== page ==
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Officials Pass A Sweeping Measure To Revive Kansas City's Most Distressed Neighborhoods

Laura Ziegler
KCUR 89.3
The Kansas City Council on Thursday passed the 'Revive the East Side' measure, which would, in part help restore dangerous, vacant buildings in Kansas City's poorest neighborhoods.

The Kansas City Council approved a sweeping proposal Thursday to revitalize some of the poorest parts of eastern Kansas City, Missouri.

The “Revive the East Side” initiative, sponsored by 6th District councilman and 2019 mayoral candidate Scott Taylor, would, among other things, establish a $10 million home improvement fund, create tax credits to encourage hiring workers who live in high unemployment areas, improve trash collection and “protect long-time residents against gentrification.”

It’s a lot to promise, noted 3rd District councilman Jermaine Reed, who voted against the measure. He called it overly ambitious and believes it would give residents of needy neighborhoods with false hope.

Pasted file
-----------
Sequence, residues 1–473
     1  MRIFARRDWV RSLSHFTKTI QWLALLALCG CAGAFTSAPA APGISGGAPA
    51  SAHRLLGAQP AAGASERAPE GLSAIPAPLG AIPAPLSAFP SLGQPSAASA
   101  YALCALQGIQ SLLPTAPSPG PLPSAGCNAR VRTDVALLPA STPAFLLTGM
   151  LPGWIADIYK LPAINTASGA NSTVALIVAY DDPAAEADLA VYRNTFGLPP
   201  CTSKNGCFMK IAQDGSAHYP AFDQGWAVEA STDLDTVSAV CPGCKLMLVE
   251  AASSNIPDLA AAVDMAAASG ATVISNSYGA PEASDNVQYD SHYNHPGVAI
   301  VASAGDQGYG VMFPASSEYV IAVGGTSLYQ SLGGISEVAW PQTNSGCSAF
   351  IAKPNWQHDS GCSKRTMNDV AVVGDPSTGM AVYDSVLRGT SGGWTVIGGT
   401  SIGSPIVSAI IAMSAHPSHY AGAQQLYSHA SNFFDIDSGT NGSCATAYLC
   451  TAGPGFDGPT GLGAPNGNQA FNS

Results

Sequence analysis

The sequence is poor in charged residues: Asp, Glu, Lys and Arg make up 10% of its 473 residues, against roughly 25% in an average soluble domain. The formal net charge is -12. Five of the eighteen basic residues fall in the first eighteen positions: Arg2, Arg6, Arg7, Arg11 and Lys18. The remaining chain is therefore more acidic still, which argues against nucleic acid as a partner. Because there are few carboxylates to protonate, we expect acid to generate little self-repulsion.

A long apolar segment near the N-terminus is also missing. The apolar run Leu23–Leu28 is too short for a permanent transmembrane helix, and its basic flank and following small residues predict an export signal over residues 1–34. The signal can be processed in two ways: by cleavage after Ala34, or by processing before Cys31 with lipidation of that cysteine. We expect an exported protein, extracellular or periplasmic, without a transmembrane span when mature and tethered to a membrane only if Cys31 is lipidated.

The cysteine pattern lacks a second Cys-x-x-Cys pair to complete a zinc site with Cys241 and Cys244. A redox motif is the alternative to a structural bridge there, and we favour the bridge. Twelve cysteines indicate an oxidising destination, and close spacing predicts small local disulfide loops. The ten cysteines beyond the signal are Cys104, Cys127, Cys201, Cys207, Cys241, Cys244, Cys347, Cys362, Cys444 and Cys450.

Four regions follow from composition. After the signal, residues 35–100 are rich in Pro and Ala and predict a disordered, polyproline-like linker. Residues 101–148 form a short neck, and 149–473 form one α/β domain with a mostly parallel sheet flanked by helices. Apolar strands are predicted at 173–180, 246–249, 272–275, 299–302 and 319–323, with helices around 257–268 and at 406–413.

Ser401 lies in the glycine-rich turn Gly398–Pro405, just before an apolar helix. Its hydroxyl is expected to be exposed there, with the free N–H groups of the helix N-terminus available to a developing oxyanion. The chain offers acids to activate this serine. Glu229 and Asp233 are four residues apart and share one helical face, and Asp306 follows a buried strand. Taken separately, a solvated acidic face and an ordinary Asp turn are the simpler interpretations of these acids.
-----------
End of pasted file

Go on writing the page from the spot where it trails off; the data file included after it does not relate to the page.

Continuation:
“The people in the 3rd and 5th District, right in the urban core, we can’t continue to hope and wait and wish that something would happen,” Reed said.

Reed also said he was waiting to hear how the program would be funded; those details haven’t been settled.

The wide-ranging ordinance has been though several rounds of neighborhood meetings and public hearings, where it got mixed reviews.

The measure passed 9-3, with Mayor Sly James and Councilmembers Taylor, Teresa Loar, Quinton Lucas, Katheryn Shields, Jolie Justus, Alissia Canady, Lee Barnes, and Kevin McManus voting in support. Reed, Heather Hall and Dan Fowler opposed it.

Lisa Rodriguez is a reporter and the afternoon newscaster for KCUR 89.3. Follow her on Twitter @larodrig.

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